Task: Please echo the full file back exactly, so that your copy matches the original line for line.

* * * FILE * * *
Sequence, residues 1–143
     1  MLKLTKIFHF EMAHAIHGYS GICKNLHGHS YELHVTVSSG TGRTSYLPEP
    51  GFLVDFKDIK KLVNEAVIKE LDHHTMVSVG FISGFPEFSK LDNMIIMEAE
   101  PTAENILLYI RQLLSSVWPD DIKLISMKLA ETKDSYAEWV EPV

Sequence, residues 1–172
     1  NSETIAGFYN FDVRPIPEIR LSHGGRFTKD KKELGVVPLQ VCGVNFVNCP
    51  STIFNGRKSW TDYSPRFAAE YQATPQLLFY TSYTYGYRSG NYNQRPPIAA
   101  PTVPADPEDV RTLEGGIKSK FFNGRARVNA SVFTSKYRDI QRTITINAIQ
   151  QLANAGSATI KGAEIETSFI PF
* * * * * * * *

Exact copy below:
Sequence, residues 1–143
     1  MLKLTKIFHF EMAHAIHGYS GICKNLHGHS YELHVTVSSG TGRTSYLPEP
    51  GFLVDFKDIK KLVNEAVIKE LDHHTMVSVG FISGFPEFSK LDNMIIMEAE
   101  PTAENILLYI RQLLSSVWPD DIKLISMKLA ETKDSYAEWV EPV

Sequence, residues 1–172
     1  NSETIAGFYN FDVRPIPEIR LSHGGRFTKD KKELGVVPLQ VCGVNFVNCP
    51  STIFNGRKSW TDYSPRFAAE YQATPQLLFY TSYTYGYRSG NYNQRPPIAA
   101  PTVPADPEDV RTLEGGIKSK FFNGRARVNA SVFTSKYRDI QRTITINAIQ
   151  QLANAGSATI KGAEIETSFI PF